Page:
That three-year-old Daniel Kuhani was playing with a group of students in The Shack over the lunch hour on Monday borders on miraculous. The story behind why the little boy from Nairobi, Kenya, was visiting Culver Academies is one of caring, compassion, and connections.
Daniel was abandoned in the streets after life in Nairobi came to a standstill following the attack on the Westgate Mall by Somali terrorists in September 2013. The elderly woman who found him carried the month-old infant by foot across the vast city to the New Life Home – a center that provides for abandoned, orphaned, and vulnerable babies and young children. The four New Life Homes in Kenya are supported by the Amani Children’s Foundation, which has been supported by Culver Girls Academy’s Leadership Committee for Africa since 2004.
Though Daniel was progressing as he got stronger, the New Life staff noticed he was not reaching the traditional developmental milestones for children his age. He was thoroughly tested and found to be profoundly hearing impaired. The doctors determined that Daniel’s best option was to receive a cochlear implant. But he would need to travel to another country for the surgery.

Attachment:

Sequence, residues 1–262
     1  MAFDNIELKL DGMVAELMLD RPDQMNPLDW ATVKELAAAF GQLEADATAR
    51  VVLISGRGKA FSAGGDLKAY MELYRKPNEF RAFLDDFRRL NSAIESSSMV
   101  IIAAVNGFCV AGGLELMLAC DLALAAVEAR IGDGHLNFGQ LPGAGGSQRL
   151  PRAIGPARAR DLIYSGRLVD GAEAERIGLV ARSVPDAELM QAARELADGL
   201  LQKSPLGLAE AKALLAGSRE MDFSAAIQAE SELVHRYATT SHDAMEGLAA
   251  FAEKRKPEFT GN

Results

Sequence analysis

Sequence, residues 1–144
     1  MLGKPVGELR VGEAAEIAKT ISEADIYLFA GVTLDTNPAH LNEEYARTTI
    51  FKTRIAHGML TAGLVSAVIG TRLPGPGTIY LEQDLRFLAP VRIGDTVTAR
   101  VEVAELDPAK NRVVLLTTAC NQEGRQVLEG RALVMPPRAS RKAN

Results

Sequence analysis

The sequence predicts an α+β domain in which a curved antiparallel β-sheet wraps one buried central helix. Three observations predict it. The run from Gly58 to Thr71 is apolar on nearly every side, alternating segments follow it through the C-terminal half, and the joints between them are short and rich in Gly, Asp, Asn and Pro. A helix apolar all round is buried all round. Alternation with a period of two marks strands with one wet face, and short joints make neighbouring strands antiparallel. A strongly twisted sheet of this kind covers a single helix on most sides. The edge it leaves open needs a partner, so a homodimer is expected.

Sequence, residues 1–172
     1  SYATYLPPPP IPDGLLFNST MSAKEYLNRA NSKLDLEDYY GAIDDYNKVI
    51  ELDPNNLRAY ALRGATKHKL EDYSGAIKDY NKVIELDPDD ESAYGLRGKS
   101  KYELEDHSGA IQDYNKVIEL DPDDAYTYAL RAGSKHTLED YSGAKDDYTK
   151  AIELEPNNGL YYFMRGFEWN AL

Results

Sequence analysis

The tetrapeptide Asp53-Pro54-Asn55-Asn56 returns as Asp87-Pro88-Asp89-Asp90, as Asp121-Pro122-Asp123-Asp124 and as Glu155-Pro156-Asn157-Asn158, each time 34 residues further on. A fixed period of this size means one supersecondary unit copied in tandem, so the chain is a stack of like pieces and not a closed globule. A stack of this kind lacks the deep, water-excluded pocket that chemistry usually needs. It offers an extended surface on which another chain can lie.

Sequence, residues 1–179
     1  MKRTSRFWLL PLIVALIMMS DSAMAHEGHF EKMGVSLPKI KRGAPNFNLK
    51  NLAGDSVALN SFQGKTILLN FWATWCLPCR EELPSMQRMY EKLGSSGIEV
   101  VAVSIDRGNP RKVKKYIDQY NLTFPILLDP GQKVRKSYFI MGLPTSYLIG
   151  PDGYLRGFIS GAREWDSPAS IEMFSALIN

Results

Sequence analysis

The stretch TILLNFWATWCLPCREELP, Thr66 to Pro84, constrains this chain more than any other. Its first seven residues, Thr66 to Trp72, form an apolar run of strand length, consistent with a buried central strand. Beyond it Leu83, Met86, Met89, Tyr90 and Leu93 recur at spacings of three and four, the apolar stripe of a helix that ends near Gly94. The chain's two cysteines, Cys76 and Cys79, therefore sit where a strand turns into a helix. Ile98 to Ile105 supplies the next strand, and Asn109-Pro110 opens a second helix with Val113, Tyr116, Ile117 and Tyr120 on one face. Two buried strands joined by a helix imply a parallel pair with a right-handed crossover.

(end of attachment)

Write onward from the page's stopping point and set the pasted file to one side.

Enter University of Notre Dame student Casey Kennedy. Kennedy served as an Amani Scholars Intern at the Nairobi New Life Home during the summer of 2015. She instantly connected with Daniel and has since worked to raise the funds needed to bring Daniel to The Surgery Center in Carmel for the procedure. The center, Dr. Ben Copeland, the surgeon, and the Hear Indiana team donated their services, which included the surgery and audiology and speech therapy while Daniel is in Indiana. Daniel and his New Life caregiver Yvonne Muthiani arrived on June 20 and the youngster had the surgery was done on June 23.
The funds raised are being used to pay for the implant device and the speech and hearing therapy sessions in Kenya once Daniel returns. Muthiani said Daniel will receive therapy twice a week for the first year and then continue sessions depending on his development. Right now, Daniel is mimicking sounds similar to a seven-to-nine month old child, she said.
Before returning to Nairobi, Muthiani and Daniel came to Culver to meet with LCA members and other students. LCA donated the proceeds from the bead sales at the spring parents and alumni reunion weekends to help cover Daniel’s expenses. The Kennedy family has also established a crowdfunding site to accept donations.
They came with former instructor Lannie Thompson, who now lives in the Indianapolis area. Lannie and her husband John taught at Culver from 1982 to 1996. John is the brother of Jane Stephens, the founder of the Amani Children’s Foundation. LCA has raised over $29,000 for New Life Homes since forming the partnership with Amani in 2004. That is the equivalent of caring for 29 infants during their first year.
Muthiani said Daniel will eventually be ready for adoption. When one of the CGA students asked how she would feel when Daniel was adopted, Muthiani said knowing that he would have a better life made it easier, but it would still be “hard to let go. But it is hard to let go all the time.”